The sceptic’s surrender

Believing partly

Authored by: Anita Gilman Sherman

The Routledge Companion to Shakespeare and Philosophy

Print publication date:  October  2018
Online publication date:  October  2018

Print ISBN: 9781138936126
eBook ISBN: 9781315677019
Adobe ISBN:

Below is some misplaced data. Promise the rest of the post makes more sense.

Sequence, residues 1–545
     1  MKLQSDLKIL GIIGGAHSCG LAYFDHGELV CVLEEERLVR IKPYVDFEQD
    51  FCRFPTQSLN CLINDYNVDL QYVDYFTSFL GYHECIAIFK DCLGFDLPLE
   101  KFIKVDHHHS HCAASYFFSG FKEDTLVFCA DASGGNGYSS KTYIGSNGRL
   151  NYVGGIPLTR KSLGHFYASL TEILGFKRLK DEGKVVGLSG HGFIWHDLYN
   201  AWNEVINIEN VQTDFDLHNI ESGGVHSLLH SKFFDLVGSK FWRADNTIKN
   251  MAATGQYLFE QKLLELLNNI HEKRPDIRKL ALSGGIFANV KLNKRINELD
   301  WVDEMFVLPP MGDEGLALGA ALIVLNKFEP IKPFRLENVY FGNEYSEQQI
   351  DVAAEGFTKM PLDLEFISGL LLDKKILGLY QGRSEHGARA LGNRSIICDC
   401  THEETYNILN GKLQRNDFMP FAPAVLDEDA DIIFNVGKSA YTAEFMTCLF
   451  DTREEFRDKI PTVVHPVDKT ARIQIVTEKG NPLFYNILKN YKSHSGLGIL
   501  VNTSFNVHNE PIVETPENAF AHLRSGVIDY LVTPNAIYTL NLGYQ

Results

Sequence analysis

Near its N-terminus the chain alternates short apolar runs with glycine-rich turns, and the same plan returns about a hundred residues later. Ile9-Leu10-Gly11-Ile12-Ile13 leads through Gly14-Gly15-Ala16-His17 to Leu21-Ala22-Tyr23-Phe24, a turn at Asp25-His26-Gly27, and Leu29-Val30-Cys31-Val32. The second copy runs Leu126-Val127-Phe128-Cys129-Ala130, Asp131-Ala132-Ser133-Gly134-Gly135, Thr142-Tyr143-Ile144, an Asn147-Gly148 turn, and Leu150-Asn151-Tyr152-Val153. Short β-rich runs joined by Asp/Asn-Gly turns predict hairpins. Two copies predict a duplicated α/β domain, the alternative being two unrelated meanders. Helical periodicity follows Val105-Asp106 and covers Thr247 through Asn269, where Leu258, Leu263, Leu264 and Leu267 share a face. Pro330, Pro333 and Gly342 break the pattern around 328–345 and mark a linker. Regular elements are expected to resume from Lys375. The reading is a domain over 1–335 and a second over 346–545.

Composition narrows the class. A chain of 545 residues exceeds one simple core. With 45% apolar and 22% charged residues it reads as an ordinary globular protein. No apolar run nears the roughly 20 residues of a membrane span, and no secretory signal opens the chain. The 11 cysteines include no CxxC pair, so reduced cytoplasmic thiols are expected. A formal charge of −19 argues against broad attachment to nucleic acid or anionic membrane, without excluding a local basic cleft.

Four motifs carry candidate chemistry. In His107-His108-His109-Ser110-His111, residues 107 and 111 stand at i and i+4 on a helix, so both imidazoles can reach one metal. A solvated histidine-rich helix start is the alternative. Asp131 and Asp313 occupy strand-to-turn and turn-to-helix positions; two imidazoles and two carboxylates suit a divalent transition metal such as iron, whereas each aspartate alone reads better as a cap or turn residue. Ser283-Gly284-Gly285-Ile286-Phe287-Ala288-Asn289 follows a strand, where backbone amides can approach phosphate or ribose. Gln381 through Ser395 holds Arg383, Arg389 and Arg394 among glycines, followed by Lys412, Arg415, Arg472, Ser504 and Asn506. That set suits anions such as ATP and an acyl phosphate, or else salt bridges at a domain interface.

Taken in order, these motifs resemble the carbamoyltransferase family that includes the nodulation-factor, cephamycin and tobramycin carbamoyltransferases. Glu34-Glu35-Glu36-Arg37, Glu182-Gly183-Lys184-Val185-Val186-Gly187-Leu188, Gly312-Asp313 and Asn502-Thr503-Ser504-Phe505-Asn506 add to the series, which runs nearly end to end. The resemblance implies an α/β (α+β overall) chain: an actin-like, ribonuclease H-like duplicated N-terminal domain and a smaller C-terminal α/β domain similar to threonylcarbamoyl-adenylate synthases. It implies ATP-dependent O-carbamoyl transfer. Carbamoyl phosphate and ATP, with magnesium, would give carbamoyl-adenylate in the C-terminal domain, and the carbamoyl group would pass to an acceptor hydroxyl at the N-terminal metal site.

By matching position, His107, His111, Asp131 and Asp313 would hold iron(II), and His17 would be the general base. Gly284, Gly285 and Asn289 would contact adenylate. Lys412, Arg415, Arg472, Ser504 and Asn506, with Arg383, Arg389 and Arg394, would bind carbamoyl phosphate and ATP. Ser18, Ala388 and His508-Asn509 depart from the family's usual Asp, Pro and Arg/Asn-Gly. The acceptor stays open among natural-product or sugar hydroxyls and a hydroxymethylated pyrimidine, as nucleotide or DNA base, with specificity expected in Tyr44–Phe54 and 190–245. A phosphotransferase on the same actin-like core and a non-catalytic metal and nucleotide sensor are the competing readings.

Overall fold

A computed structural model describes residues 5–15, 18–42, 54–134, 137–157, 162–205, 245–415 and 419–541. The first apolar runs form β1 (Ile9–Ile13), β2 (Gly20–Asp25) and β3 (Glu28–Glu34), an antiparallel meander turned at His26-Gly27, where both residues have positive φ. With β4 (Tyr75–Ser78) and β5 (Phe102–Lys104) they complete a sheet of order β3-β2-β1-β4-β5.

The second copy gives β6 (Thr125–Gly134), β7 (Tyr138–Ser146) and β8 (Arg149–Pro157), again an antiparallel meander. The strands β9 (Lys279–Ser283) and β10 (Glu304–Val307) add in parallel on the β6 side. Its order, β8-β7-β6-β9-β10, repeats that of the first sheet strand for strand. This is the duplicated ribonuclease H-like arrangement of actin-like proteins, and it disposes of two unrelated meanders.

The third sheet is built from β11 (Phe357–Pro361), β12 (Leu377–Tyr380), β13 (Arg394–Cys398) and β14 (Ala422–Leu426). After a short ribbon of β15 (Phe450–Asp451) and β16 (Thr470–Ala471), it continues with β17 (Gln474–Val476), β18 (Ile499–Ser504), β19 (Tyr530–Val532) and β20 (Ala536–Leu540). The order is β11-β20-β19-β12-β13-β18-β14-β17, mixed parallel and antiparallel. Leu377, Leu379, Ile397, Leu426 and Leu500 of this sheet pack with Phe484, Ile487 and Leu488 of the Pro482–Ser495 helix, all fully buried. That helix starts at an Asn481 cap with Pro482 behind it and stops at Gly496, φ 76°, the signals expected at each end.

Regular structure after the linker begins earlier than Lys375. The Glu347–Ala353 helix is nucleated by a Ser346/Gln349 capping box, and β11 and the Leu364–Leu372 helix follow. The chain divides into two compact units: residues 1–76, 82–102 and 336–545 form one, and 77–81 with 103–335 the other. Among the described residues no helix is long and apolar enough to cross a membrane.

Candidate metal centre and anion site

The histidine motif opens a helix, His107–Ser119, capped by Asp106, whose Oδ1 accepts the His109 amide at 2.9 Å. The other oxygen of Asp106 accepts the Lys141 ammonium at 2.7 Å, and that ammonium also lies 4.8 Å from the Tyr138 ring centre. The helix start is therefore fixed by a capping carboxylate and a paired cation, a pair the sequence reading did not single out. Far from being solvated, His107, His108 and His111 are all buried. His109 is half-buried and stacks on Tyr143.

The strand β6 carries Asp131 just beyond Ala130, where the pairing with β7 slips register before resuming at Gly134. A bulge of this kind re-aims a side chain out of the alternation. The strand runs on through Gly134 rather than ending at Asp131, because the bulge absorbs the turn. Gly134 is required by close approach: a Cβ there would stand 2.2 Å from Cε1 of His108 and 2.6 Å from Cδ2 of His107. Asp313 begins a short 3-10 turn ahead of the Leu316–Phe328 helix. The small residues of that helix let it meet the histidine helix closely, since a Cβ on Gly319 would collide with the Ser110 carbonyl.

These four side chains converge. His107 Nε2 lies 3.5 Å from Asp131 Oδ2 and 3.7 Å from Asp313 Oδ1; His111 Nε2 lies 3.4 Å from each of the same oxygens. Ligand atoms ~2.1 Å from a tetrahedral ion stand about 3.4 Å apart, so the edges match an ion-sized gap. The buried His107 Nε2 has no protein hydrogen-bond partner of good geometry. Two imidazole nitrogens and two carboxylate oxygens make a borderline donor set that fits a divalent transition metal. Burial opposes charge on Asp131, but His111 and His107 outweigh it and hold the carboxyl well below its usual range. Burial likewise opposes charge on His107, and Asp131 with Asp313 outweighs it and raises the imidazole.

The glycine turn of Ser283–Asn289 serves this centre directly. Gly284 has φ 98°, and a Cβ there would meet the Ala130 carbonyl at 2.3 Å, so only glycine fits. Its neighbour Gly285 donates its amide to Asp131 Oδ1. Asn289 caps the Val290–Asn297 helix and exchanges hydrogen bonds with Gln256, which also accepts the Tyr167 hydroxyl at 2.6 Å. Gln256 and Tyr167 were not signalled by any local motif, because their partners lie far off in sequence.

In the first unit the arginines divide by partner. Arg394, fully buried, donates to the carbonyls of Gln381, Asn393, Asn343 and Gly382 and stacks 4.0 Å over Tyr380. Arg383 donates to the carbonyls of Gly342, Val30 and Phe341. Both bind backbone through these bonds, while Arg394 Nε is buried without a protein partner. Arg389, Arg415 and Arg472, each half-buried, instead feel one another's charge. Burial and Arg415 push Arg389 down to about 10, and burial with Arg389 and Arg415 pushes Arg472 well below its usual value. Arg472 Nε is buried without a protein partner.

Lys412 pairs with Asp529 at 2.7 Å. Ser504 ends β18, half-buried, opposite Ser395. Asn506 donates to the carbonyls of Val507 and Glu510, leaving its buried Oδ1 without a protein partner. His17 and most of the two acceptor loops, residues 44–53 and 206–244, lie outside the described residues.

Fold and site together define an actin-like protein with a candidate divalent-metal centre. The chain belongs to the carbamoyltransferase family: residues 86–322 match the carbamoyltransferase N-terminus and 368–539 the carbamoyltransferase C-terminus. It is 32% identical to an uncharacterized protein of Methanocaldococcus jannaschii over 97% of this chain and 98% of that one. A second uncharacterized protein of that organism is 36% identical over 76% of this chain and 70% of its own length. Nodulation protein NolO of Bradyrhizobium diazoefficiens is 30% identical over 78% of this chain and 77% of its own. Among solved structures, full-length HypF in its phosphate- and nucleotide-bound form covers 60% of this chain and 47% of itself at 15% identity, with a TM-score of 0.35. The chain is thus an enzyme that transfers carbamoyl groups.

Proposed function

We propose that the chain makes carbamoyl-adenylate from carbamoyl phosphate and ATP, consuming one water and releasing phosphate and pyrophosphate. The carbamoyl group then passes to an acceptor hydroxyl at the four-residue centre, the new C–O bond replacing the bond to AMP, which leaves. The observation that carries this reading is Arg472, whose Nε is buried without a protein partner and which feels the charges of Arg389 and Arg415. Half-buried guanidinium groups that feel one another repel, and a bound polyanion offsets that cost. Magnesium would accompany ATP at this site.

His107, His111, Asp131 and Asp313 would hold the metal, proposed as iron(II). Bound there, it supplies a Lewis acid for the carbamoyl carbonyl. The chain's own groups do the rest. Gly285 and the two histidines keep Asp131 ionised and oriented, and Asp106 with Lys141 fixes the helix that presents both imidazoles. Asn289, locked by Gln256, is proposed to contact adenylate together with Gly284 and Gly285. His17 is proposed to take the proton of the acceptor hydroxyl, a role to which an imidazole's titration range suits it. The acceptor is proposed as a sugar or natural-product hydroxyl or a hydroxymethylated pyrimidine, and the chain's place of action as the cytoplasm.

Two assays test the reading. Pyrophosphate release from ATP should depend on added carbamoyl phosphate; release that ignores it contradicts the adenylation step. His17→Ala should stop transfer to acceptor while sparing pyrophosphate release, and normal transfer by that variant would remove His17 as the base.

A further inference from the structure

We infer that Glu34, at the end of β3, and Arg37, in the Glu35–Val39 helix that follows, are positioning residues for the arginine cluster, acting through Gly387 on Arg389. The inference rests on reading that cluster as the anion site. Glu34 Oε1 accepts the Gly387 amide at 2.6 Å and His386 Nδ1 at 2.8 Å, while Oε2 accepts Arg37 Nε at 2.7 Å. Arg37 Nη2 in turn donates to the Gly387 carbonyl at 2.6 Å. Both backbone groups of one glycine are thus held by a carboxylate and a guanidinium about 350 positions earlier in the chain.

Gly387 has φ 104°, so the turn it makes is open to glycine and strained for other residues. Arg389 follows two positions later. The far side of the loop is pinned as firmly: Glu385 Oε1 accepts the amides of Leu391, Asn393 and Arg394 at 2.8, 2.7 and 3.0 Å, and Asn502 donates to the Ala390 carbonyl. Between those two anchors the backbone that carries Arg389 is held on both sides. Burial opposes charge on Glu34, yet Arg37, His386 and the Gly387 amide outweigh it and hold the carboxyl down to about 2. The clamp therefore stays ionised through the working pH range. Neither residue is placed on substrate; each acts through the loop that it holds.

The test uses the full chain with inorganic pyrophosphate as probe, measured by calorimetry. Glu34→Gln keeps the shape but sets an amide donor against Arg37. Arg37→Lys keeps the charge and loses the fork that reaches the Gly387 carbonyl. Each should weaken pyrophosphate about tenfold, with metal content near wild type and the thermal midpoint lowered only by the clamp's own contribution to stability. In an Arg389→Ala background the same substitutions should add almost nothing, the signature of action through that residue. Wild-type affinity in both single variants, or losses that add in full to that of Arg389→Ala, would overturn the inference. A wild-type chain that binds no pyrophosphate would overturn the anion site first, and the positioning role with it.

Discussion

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Shakespeare’s engagements with scepticism have been extensively glossed, especially his explorations of the effects of sceptical doubt on human behavior. Many Shakespearean characters desire complete knowledge and struggle with their frustration over their limited knowledge of circumstances, situations and people. Indeed, the limitations of rationality and the subsequent propensity for self-deception are hallmarks of Shakespearean characters. Yet, while Shakespeare’s charting of forms of partial knowledge is widely recognized, his interest in forms of partial belief has been neglected. This essay argues that Shakespeare’s fascination with degrees of belief speaks to his concern with recoveries from scepticism. The essay adopts the analysis of belief put forward by the twentieth-century English philosopher, H. H. Price, who studied how gradations of belief are expressed in ordinary language. Following Price’s useful account of the emotional implications of belief statements, this essay looks at expressions of partial belief in Hamlet, Julius Caesar, Sonnet 138, and Henry IV, Part 2. It discusses partial belief in supernatural phenomena, relating this to wonder as a cognitive attitude, and contrasts this with partial belief in lovers and friends, relating this to issues of intimacy and trust. As in problems of knowledge, so in problems of belief questions of evidence and interpretation arise, often eliciting moments of suspended judgement. These transitory states, poised precariously between assent and resistance, invite examination. This essay thus aims to examine disregarded aspects of Shakespeare’s life-long attraction to conditions of uncertainty, showing how experiences of intermediate belief constitute the ground for action. Because partial belief is the converse of sceptical doubt, this overview of its manifestations supplements studies of Shakespeare’s scepticism.

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